14 reasons to cheer for animal legislation in 2018
If you’re exhausted by politics, here’s some good news. The future is changing for homeless pets everywhere, and working with lawmakers is one way we’re getting closer to becoming a no-kill country.
So far this year, more than 96,000 animal lovers took action through Best Friends Animal Society's advocacy alerts by sending more than 200,000 messages to policymakers. Plus, our advocacy team tracked more than 1,200 bills affecting pets and the people who love them. California became the second state in the nation to pass a statewide no-kill resolution, with Los Angeles now on the verge of becoming a no-kill city. That’s a remarkable achievement that paves the way for other states to follow California’s lead.
There is so much to share from our busy advocacy team, but here are a few highlights that we’re especially excited about — 14 more examples of legislative progress for animals in 2018. There’s a lot to celebrate here that will surely inspire even more success next year.
- Delaware became the latest state to pass a law protecting community cats, their caregivers and the shelters helping them through return-to-field programs. This law was the product of a multiyear effort, led in part by the Best Friends legislative team.
- The city council in Urbana, Ohio, unanimously defeated a proposed feeding ban that would have endangered the lives of community cats.
- A dangerous proposal by the USDA to allow third-party inspections of puppy mills (which would have effectively given puppy mills the authority to police themselves) was defeated. A Best Friends advocacy alert on this issue generated more than 10,000 emails to the USDA in just 48 hours.
- Maryland passed a statewide bill banning pet stores from selling dogs and cats from commercial breeding mills.
- In 2018, Best Friends helped enact six local retail pet sales bans in New Jersey, which now has more of these municipal ordinances on the books than any other state. This type of ban prevents the sale of pets from commercial breeding mills. Together, we’re demonstrating that we can take a stand against puppy mills and make them a thing of the past.
- The state of Massachusetts passed PAWS II, which amends an archaic law mandating that victims of dogfighting rings be killed. The new law gives these dogs the second chance at life that they deserve. New Jersey is also considering its own version of this law: A bill that passed through the Senate with bipartisan support is on the way to saving the lives of dogfighting victims in the state.
- Michigan is getting closer to becoming the 22nd state to ban breed-discriminatory legislation. A bill passed the Senate with bipartisan support and is awaiting a hearing before the House.
- In Illinois, the governor signed the reckless dog owner bill, which provides due process protections for dog owners. It also prevents reckless dog owners from having dogs for a specified period of time, and it requires that dogs involved in incidents involving reckless owners be evaluated for possible placement with an animal welfare group or sanctuary.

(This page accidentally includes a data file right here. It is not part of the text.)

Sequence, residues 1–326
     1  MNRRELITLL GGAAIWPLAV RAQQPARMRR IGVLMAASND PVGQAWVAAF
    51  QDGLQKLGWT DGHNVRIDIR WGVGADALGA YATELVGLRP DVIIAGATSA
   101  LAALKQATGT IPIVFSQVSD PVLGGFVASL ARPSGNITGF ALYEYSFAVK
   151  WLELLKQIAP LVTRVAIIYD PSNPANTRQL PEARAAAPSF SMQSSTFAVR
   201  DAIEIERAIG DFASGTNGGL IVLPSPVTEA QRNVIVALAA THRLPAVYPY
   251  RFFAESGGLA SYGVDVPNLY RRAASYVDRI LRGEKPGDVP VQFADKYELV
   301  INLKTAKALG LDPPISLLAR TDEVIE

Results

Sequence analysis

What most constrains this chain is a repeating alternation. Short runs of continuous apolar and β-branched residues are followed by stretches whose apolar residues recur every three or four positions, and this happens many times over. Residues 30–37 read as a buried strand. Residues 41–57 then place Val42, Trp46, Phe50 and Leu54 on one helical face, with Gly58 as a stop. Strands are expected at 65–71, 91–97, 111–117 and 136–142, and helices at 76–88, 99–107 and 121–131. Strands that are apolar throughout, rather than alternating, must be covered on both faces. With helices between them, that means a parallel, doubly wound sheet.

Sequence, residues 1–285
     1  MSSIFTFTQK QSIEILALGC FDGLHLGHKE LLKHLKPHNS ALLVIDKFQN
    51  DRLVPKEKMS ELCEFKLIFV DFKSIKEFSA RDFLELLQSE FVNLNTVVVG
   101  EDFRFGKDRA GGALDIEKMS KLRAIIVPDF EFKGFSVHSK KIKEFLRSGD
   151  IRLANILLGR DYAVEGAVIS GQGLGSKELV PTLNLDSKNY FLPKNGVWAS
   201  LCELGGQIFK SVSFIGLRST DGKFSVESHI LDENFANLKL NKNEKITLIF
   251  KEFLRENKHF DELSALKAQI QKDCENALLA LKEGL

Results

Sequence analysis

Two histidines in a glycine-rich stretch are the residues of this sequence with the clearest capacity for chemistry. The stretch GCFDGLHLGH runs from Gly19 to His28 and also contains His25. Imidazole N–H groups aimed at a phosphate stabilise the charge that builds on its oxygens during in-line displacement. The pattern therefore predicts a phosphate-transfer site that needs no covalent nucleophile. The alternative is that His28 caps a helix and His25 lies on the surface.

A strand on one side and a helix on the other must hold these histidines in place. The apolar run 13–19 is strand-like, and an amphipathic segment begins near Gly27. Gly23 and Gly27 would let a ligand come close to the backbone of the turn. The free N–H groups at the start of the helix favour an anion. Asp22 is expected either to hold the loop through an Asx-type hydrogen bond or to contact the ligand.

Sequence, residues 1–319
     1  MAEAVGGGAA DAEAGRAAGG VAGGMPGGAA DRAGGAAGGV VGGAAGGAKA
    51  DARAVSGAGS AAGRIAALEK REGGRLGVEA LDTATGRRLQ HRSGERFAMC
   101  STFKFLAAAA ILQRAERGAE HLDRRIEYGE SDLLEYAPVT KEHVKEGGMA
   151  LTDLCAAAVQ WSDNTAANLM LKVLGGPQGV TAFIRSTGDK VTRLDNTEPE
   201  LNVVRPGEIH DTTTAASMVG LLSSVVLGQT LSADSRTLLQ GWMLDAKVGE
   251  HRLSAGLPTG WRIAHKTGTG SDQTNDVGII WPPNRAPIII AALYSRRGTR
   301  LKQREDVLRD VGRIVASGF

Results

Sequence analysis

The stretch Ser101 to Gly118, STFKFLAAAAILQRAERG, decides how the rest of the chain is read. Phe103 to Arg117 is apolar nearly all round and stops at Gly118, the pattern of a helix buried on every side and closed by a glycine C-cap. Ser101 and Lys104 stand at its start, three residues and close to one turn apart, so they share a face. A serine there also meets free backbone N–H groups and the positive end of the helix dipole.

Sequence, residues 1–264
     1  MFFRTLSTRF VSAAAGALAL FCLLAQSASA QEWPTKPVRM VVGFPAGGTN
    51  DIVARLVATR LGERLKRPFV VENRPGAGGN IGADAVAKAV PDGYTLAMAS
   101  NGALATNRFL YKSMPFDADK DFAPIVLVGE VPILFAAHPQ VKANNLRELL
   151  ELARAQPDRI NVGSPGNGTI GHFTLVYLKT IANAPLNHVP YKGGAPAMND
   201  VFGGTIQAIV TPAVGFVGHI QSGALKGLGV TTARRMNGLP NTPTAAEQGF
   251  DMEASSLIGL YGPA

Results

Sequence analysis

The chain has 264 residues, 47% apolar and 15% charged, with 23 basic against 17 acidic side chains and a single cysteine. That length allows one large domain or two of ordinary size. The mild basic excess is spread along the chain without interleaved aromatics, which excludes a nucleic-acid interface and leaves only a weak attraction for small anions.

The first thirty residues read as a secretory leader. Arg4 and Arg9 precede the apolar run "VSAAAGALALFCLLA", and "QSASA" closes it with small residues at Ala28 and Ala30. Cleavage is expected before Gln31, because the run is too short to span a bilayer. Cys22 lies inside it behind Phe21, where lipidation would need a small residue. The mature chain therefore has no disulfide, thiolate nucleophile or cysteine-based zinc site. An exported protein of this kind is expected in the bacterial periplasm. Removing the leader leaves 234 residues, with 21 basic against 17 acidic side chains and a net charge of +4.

- In Ohio, Mansfield, the communities of New Albany and Lakewood repealed breed-discriminatory dog ordinances that ban or restrict certain kinds of dogs based simply on their appearance. Thanks to this incredible momentum, animal lovers in these cities will be free to love and care for any breed of dog they choose. In other communities (such as Parma), local advocates have committed to repealing similar ordinances.
- The New Jersey Senate unanimously passed a bill that will prevent dogfighting victims from being automatically declared dangerous and it awaits a hearing before the state assembly. If the bill is passed, dogs forced into a life of violence will be given the second chance at life that they deserve.
- Illinois passed an important bill aimed at increasing the number of lives saved in animal shelters. This new law allows animal control facilities to transfer animals between facilities and to foster homes. It also requires shelters to contact owners (or microchip purchasers) of animals entering their facility, which will help to reunite families with their pets.
- In California, the governor signed AB 2791, which allows animal shelters to immediately release kittens and puppies under eight weeks of age to animal welfare groups, rather than waiting through a 72-hour “stray hold” period. This important piece of legislation will help ensure that some of the most vulnerable dogs and cats in California’s shelters go on to live healthy, happy lives.
- Illinois passed a new law that allows counties to keep and use all pet population funds (instead of sending some of the money to the state). The law also helps fund spay/neuter programs through the University of Illinois shelter medicine program. It will help increase spay/neuter for community cats throughout the state, as well as increase the impact of the shelter medicine program at the University of Illinois.
- Best Friends helped to pass lifesaving legislation to reform the New Jersey SPCA. This legislation has brought much-needed uniformity and accountability to the way New Jersey’s animal cruelty laws are enforced.
Each legislative achievement is helping us get closer to making the entire country no-kill by 2025. The support and love voiced by many no-kill supporters is making it possible Each person’s voice, support and love makes it possible for us to take these historic steps forward for animals. Together, we’re saving lives. Together, we can Save Them All.
Photos by Sarah Ause Kichas and Stacey Axelrod